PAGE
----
Now, for that question regarding Jan and his secret. . .Do not read this paragraph if you don’t want to know before you go. . .
So, in the final scene, it is revealed that Jan does not speak English. My question is, how was he able to read his information packet and follow the instructions of the Teacher? Hmm???
To provide the highest level of safety, all patrons attending a show at the theatre are required to show proof of vaccination, or proof that they have received a negative COVID test by a professional technician within 48 hours of the performance date/time.
Patrons may show the vaccination card or a photo of the card on their phones when they arrive for the performance. If you are unable to be vaccinated, you may provide proof of a Rapid COVID-19 antigen test taken within 48 hours of your performance. At home tests will not be accepted.
In accordance with current city, state, and CDC guidance, face masks are REQUIRED at all times while you are in the building, regardless of whether or not you have been vaccinated.
Please see the VaRep Covid Safety FAQ for details.
SMALL MOUTH SOUNDS
Written by Bess Wohl
Directed by Laine Satterfield
Teacher: Marisa Guida
Judy: Lauren Leinhaas-Cook
Joan: Jenny Hundley
Alicia: Maura Mazurowski
Ned: Jim Morgan
Rodney: Evan Nasteff
Jan: Larry Cook
Voice-Over Credits: Rusty Wilson as “Fred,” Irene Ziegler as “Voicemail Guidance,” & other recorded vocal sounds including “The Bear,” performed by The Cast
Assistant Director: Kelsey Schneider (original, pre-pandemic); Jessie Fidler (current reboot)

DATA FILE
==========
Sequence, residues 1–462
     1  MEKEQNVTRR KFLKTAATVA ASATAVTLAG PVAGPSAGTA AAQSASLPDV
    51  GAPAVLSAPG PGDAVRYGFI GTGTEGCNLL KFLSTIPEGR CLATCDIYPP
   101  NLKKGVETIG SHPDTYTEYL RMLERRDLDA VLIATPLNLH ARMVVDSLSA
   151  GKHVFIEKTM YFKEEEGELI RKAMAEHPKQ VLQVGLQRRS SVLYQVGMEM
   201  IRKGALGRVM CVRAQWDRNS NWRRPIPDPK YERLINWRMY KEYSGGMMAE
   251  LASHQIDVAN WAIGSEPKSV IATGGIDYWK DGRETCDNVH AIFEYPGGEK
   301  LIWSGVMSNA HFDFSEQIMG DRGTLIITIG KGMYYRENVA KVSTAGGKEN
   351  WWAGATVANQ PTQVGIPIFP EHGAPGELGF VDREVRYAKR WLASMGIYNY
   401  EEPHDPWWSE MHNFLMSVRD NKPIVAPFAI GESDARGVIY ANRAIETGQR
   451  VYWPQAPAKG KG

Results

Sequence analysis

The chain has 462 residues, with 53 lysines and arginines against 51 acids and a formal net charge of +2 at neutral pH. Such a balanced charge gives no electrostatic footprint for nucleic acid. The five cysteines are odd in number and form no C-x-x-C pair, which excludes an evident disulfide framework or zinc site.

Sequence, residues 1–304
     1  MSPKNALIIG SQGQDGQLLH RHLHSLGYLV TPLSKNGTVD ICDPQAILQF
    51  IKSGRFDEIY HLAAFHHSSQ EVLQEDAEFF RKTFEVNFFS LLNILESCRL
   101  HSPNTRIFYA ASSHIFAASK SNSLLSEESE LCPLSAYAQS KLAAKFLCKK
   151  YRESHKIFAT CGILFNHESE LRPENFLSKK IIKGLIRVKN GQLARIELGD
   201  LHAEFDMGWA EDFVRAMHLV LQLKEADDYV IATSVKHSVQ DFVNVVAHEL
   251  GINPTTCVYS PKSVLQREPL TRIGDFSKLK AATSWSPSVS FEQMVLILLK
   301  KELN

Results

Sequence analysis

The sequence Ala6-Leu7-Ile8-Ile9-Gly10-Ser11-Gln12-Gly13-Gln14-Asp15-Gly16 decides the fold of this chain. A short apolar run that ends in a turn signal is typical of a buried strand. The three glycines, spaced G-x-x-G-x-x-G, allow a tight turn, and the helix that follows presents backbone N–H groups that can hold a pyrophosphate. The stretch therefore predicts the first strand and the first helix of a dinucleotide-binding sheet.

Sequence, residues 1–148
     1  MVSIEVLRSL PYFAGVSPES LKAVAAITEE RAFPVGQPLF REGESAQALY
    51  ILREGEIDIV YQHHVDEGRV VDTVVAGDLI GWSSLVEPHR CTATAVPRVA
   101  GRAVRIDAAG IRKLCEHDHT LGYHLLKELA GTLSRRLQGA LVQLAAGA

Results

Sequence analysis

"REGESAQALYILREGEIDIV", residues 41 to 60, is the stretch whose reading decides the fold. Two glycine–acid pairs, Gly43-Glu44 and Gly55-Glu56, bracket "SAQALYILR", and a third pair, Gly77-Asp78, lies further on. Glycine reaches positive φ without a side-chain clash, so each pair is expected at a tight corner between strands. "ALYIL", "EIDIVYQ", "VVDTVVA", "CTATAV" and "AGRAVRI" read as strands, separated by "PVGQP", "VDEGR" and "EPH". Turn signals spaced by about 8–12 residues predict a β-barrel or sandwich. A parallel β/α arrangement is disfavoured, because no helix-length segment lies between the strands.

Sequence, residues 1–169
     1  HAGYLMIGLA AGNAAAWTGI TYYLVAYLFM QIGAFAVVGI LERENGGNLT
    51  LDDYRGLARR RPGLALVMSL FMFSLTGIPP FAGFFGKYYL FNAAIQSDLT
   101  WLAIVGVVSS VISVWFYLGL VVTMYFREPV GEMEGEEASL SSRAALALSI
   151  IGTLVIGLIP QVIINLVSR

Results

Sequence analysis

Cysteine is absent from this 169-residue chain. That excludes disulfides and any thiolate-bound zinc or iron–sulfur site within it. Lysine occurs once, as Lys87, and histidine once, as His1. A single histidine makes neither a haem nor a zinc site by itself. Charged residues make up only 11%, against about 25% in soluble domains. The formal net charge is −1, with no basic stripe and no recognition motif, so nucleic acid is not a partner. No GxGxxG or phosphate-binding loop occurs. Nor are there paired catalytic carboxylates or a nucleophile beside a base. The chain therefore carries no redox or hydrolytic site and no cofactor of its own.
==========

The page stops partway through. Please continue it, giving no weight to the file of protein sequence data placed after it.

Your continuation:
Scenic Designer: Emily Hake Massie
Costume Designer: Sarah Grady
Lighting Designer: Andrew Bonniwell
Properties Designer: Ellie Wilder
Scenic Charge: Emily Hake Massie
Sound Designer: Joey Luck
Dramaturg: Lissa Ray
Technical Director: Tommy Hawfield
Stage Manager: Alleigh Scantling
Production Managers: Alleigh Scantling (both original & reboot); Kerri Lynch (original) & Ginnie Willard (reboot)
SETTING & TIME:
Upstate New York. Present day. Late summer.
Performed in one act without intermission.
There is brief nudity, adult content, and the burning of Palo Santo wood and herbal tobacco.
Parental discretion advised.
Photos by: Jason Collins Photography
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A Tightrope Take on a Tragic Accident
A Theater Review by Makai Walker
At: The Firehouse Theatre, 1609 W. Broad St, Richmond, VA 23220
Performances: March 26 – Sun April 25, 2021
Ticket Prices: $33 live and streamed
Info: (804) 355-2001 or firehousetheatre.org